Oil, Gas & Coal
Lots of information on corporations in the oil, gas and coal industry and their impact on the health and well being of local communities and ecosystems around the world.
We look at the environmental, health and political consequences of this powerful industry.
This issue follows the debate on drug patents and patients rights. As a result of tenacious negotiating by developing countries, poor nations are now allowed to import and export generic drugs in the face of public health emergencies, like the AIDS pandemic. Is this a precedent or an exception to WTO rules on intellectual property?
We examine the social and economic crises, corporate interest and the need to lock up “disposable” populations that feed the Prison Industry. We rely on prison journalists to give an inside view of these critical issues.
In 1997, CorpWatch blew the whistle on working conditions in Nikes operations in Vietnam, helping to blow the sweatshop debate wide open. Our on-going sweatshop coverage is geared to strengthen efforts to hold all garment and shoe manufacturers accountable to principles of human rights and environmental justice.
The Corporate Planet
Joshua Karliner exposes how transnationals, aided by free trade agreements and World Bank policies, are leading protagonists in the world’s most pressing environmental dramas.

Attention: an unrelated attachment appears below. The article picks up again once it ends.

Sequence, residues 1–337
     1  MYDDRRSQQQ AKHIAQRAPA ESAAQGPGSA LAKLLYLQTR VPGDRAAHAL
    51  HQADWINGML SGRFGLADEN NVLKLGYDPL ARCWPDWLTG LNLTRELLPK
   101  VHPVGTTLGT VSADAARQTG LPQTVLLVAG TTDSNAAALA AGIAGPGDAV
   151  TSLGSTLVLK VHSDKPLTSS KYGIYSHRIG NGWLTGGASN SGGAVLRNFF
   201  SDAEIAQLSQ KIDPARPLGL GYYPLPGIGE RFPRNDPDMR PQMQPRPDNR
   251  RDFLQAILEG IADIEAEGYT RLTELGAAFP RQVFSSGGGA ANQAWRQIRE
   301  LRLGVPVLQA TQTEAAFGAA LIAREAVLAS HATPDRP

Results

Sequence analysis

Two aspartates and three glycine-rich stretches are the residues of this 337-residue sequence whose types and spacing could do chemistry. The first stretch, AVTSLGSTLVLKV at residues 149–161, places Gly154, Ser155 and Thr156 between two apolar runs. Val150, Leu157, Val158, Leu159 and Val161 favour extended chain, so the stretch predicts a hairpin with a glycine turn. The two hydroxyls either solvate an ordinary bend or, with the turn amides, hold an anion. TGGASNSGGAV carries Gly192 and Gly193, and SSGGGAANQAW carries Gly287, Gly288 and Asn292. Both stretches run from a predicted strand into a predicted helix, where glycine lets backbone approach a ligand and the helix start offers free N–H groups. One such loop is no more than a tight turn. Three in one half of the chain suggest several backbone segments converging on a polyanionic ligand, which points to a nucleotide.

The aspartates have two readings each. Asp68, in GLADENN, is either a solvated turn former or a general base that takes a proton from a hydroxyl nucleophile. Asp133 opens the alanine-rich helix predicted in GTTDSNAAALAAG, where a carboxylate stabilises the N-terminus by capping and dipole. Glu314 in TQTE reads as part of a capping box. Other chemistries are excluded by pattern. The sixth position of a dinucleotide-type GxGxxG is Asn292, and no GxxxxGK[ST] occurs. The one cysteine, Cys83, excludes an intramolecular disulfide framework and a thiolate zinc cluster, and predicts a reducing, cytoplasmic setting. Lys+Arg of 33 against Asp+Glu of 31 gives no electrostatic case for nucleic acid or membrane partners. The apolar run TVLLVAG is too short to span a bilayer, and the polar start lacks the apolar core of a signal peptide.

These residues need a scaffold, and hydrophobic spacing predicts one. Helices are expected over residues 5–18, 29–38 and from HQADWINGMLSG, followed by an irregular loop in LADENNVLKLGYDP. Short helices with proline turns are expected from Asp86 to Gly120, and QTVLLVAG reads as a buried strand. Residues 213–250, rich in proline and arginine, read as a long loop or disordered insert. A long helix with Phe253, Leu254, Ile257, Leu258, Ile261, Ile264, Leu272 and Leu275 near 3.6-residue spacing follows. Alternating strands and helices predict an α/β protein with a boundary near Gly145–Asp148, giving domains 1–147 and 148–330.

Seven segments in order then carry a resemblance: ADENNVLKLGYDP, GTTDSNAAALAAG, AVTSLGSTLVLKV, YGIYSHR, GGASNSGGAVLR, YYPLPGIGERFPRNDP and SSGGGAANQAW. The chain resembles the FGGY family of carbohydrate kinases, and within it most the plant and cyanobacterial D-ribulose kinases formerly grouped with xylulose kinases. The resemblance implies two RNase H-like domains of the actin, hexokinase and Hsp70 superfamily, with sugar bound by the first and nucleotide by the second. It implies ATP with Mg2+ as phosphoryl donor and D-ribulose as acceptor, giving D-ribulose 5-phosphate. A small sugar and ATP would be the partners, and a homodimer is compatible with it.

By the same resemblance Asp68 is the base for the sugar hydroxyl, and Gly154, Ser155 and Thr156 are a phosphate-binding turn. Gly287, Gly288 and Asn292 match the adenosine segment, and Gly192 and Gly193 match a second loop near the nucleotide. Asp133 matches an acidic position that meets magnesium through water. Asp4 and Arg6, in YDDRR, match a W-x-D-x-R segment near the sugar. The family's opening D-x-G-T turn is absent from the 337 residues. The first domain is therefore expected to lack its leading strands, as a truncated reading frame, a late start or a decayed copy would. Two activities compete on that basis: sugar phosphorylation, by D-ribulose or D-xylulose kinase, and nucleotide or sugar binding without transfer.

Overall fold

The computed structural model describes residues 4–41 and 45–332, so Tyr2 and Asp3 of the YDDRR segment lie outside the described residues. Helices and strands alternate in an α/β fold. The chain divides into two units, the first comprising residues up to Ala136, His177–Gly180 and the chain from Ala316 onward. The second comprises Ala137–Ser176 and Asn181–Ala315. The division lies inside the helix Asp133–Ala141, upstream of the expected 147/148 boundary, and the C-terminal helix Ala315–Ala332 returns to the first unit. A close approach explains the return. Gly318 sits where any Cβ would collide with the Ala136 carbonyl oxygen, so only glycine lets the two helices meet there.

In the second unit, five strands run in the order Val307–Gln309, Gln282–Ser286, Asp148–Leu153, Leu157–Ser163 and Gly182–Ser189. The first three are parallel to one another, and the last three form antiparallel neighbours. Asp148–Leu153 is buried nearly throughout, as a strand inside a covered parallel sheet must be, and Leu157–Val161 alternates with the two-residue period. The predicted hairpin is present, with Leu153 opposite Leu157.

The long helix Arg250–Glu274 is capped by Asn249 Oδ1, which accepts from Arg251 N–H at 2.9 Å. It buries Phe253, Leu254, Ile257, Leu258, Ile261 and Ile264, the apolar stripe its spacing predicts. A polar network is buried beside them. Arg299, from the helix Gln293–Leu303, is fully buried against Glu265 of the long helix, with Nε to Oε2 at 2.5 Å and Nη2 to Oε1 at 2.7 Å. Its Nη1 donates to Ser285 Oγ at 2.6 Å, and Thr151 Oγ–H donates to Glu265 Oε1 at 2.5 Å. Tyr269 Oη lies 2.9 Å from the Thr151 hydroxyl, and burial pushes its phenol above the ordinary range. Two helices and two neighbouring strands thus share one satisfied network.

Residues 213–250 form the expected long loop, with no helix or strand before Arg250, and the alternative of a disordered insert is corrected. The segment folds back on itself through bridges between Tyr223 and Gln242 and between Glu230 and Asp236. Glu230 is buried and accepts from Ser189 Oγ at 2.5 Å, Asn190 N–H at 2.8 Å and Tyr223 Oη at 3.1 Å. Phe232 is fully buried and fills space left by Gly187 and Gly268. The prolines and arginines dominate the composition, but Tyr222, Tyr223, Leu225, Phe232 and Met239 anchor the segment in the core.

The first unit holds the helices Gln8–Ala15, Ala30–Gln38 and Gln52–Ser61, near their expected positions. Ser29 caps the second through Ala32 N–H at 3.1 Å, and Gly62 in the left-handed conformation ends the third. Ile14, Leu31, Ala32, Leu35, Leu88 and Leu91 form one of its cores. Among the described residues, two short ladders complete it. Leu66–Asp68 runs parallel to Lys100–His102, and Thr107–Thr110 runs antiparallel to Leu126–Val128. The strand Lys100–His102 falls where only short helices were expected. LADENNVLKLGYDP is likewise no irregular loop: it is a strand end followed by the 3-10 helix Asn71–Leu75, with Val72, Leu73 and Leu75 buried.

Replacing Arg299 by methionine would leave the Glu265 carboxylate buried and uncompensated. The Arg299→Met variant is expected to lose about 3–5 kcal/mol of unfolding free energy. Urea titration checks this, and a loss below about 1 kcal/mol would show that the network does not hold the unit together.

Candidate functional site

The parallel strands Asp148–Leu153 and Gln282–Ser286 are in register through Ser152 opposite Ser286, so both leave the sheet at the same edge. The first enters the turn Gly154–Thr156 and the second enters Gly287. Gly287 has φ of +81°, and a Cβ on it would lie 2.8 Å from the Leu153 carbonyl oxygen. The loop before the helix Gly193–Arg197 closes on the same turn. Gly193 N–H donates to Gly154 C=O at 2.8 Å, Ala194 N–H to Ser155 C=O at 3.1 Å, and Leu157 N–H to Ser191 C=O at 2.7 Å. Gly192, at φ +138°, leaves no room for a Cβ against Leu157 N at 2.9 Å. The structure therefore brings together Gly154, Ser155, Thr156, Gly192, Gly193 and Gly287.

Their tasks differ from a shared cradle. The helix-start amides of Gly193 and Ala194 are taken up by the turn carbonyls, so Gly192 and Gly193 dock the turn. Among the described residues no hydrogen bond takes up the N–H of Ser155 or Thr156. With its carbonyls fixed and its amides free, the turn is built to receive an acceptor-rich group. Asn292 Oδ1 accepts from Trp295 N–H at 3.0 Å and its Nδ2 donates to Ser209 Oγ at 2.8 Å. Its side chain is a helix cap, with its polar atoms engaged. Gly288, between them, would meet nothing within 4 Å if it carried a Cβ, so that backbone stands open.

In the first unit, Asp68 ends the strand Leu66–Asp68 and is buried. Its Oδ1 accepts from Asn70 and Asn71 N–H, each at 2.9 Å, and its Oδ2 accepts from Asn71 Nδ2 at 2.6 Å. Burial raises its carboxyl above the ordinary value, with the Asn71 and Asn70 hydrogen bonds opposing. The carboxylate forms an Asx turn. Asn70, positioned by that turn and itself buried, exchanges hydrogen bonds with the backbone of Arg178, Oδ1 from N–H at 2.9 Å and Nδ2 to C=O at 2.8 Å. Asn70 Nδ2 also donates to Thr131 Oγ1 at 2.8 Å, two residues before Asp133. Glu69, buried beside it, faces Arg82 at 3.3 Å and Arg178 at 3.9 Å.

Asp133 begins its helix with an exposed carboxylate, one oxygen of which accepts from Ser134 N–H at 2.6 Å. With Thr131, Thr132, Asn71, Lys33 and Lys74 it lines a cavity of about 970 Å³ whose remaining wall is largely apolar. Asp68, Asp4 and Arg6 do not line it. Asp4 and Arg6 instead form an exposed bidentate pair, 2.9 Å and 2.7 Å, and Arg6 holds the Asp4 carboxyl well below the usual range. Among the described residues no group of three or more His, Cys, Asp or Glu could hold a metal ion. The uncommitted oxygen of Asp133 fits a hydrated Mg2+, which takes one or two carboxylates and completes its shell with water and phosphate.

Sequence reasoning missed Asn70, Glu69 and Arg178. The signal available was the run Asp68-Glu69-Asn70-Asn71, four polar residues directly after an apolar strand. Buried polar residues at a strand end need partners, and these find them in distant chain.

CorpWatch will follow Framework Convention negotiations and provide ongoing updates and action you can take to ensure a strong Framework Convention on Tobacco Control (FCTC). This section also includes information on the Bush administration’s ties to the tobacco lobby as well as overt and covert campaigns by the industry to undermine tobacco restrictions around the world.
Coverage of the Free Trade Area of the Americas (FTAA) which promises to be the most far reaching trade agreement to date. We also track NAFTA, APEC, the EU and U.S. trade policy in Africa.
An examination of the labor, gender and environmental issues along a boundary that locates Mexico and the United States on opposite sides of a global system of trade and production. Stories from those on both sides of the fence.
From California and Nigeria to Bolivia we look at the corporations making a killing on public services and the grassroots movements that oppose them.
This Issue looks at the competing visions over a growingly scarce resource: water. One view put forward by major corporations and their governmental allies sees water as a commodity to be regulated by the market. The other, sees water as a basic human right to be safeguarded by communities and people around the globe.
Protests against the World Bank/IMF policies are exploding around the globe from Bolivia to Prague to South Africa and countless places in between. This section covers ongoing resistance to Bank and Fund mandated austerity that has driven so many deeper into poverty while benefiting the bottom lines of transnational corporations.
CorpWatch collaborated with Free Speech Radio News to provide in-depth reporting about the September 2003 Fifth Ministerial of the World Trade Organization from the streets of Cancun, Mexico. CorpWatch has also just launched WTO Loteria — a bilingual form of Mexican bingo that uncovers the real power behind the World Trade Organization — the multinationals that rig the rules of international trade.